If the Policy is to authorise the granting of sub-licences for commercial equestrian activity access through Lot 428 DP 729272 then parking is required for sub-licensee horse float/trucks.
The following options are provided:
a) Create parking for horse float/trucks within the existing road reserve of South Beach Road Brunswick Heads at an estimated cost for $21,000 including new signage and line marking.
· Advantage: use of existing road infrastructure without the need to obtain development consent.
· Disadvantage: significant loss of public parking spaces that is inconsistent with the redevelopment of the Brunswick Surf Club and proposed extended uses. The option does not resolve the ongoing need to unload and re-loading horses in public areas.
b) Construct a new horse float/trucks parking area off South Beach Road Brunswick Heads. Of the available land only part of Lot 437 DP 839424 in Reserve R97139 being managed by Council is suitable for construction of a horse float/truck parking area. The land is situated on the southern side of the Brunswick tennis courts.
The estimated cost to construct a horse float/ truck parking area of 496m² is $143,000. The cost includes works to seal, line mark and erect new signage carried out by small equipment due to the load limit imposed on South Arm Bridge over Simpsons Creek Brunswick Heads.
· Advantage: minimal loss of public parking, the creation of a designated space for horse float/trucks parking and the loading and unloading of horses in a secure area away from public parking and recreating areas.
i. The $143,000 cost to construction and additional costs if the 496m² area needs to be expanded;
ii. Requirement for development consent to carry out the works and uncertainties whether the works are permitted under relevant zoning RE1 and Deferred Matter; and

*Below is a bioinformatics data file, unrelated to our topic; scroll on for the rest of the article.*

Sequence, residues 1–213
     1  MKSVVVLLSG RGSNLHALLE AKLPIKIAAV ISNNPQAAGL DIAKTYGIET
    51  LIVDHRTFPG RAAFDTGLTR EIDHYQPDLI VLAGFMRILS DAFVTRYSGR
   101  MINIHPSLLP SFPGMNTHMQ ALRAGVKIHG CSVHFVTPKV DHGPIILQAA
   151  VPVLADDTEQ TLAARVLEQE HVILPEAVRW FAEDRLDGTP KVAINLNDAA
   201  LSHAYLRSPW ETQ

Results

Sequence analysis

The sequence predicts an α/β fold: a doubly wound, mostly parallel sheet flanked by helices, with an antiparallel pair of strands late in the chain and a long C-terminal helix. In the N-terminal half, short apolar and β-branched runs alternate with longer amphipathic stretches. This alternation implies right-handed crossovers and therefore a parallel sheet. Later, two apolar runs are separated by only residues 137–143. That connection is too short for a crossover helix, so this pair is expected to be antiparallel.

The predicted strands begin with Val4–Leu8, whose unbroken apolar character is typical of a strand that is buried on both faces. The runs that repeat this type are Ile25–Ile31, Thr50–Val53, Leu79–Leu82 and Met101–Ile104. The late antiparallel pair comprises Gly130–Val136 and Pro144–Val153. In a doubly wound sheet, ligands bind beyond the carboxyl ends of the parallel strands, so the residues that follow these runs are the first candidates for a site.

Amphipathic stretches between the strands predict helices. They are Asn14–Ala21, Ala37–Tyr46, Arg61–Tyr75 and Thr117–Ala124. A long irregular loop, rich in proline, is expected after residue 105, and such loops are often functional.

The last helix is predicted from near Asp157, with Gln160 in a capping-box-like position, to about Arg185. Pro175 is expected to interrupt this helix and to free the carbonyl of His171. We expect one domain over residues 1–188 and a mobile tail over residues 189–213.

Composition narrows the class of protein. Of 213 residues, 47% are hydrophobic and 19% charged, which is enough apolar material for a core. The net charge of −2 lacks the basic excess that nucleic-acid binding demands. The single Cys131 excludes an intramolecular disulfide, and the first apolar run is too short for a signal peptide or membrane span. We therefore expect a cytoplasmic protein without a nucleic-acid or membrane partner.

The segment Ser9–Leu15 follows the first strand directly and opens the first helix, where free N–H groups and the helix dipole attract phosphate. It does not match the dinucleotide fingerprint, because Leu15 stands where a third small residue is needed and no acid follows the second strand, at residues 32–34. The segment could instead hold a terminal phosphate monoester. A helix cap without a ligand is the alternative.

iii. Uncertainly whether the proposed horse float/trucks parking area will be compatible with the land categorisation yet to be determined by Crown Lands.
Option b) is preferred as shown below, however future investigation is needed to determine suitability of the site and the size of the parking area required.
2. Secure horse handling area:
If the Policy is to authorise the granting of sub-licences for commercial equestrian activity access through Lot 428 DP 729272 then a secure horse handling area is needed.
The following options are provided:
a) Include a horse handling area as part of the construction of a horse float/trucks parking area in Reserve R97139 within part of Lot 437 DP 839424;
· Advantage: a single place for the parking, unloading and loading of horses, a place to secure horses and to instruct clients and the location provides unrestricted access to the fire trail at the end of South Beach Road Brunswick Heads required to access Lot 428 DP 729272.
i. Additional costs of creating a horse handling area in Lot 437 DP 839424 that requires the construction of a metal ‘hitching rail’ to secure horses as shown below.
ii. Uncertainly whether the proposed use of the land for a horse handling area will be compatible with the land categorisation yet to be determined by Crown Lands; and
iii. The need for any person, including sub-licensee’s who unload horses onto Lot 437 DP 839424 and use the horse handling area will need to obtain development consent as required by the RE1 land zoning and a temporary licence to handle and ride horses in Reserve R97139 Brunswick Heads.
b) Construct a separate horse handling area in Lot 379 DP 47471 being Crown land managed by Council. Planning constraints associated with land zoning of Deferred Matter would likely prohibit the use of the land for horse handling area.
Option a) is preferred as shown below, however future investigation is needed to determine suitability of the site for the purpose of a safe horse handling area.
In summary until issues of horse float/truck parking and horse handling in Reserve R97139 can be resolved to allow for commercial equestrian activities to be included in the Policy and a tender process to be run that Council limit the term of any further sub-licences to six (6) months.
1. The proposed act (construction of a horse float/truck parking area and a hitching rail on Reserve R97139 Brunswick Heads Lot 437 DP 839424) is works that may impact on native title. Council’s Native Title Managers have determined the proposed works are valid future actions that can be carried out by Council under s24JA of the Native Title Act 1993 (Cth).
However, as the proposed works involves the construction or establishment of a public work, Council must notify NTSCORP, all registered native title bodies and registered native title claimants for comment at least 28 days prior to commencing works.